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Accessible shower solutions and accessories for inclusive bathrooms

Half Height Bifold Door

Showering is an essential daily activity for many people, but for some, it can be a difficult and sometimes dangerous task. This is especially true for individuals with disabilities, who may face challenges when it comes to accessing traditional shower enclosures.

One of the most important aspects of an accessible shower is the door. Traditional hinged or sliding shower doors can be difficult for people with mobility issues to open and close.

However, with the increasing awareness of the importance of inclusivity, there are now a variety of accessible shower solutions available to make showering a safe and enjoyable experience for everyone.


Transforming a bathroom into a wetroom is a visually appealing solution that can greatly increase accessibility. By using glass panels, the showering area can be tailored to meet the specific needs of the individual. These designs eliminate potential trip hazards by featuring sunken trays or omitting them altogether, making it a safer option for individuals with mobility challenges, while still keeping a sleek and uncluttered appearance.

Half Height Corner Pivot Doors

Half-height doors

Half-height corner doors are another good option for people with mobility issues such as those using wheelchairs or walkers. They are suitable for installation on a tiled wetroom floor or a countersunk shower tray, meaning there is no step-up required to enter. On the flair frameless corner entry half-height door pictured above, both doors open fully back to the walls giving extra-generous access to enter and exit the shower safely. Due to their lower height, they also allow for easy assistance from a carer than a regular shower enclosure.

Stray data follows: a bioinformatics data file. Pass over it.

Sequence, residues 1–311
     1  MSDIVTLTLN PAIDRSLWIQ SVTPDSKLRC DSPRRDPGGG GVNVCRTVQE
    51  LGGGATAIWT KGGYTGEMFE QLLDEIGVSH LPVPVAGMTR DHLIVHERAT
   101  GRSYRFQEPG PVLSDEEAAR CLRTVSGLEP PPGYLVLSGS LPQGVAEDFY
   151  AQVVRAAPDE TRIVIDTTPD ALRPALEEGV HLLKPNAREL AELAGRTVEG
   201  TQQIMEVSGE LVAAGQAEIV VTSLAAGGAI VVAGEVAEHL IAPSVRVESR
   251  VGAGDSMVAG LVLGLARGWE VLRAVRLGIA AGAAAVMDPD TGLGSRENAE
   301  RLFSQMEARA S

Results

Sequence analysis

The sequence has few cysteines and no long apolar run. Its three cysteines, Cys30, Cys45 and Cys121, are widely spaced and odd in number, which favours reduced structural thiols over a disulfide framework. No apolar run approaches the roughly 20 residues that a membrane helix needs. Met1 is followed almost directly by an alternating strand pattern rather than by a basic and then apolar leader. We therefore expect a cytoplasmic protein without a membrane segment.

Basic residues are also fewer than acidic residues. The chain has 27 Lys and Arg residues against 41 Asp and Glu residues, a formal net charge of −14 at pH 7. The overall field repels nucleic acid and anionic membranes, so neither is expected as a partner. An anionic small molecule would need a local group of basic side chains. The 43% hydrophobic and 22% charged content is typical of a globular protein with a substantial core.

Split Corner Pivot Doors


Another important aspect of accessible showers is the use of grab bars and other safety accessories. Grab bars can provide added stability and support for people with mobility issues, allowing them to move around safely and comfortably in the shower. There are also shower seats, which can be a great option for those who have difficulty standing for long periods of time.

In addition to the physical aspects of accessible showers, it is also important to consider the layout and design of the bathroom. For example, making sure there is enough space for wheelchair users to manoeuvre around the shower and bathroom, and ensuring that the shower is located close to the toilet for easy access.

The cost of carrying out an accessibility upgrade to your bathroom can add up. However, there are various grants available to assist with these expenses. For detailed information on what may be available, visit citizensinformation.ie for Ireland or citizensadvice.org.uk for the UK.

With a variety of options available, it is now possible for individuals with disabilities to enjoy the benefits of showering with safety, comfort, and independence.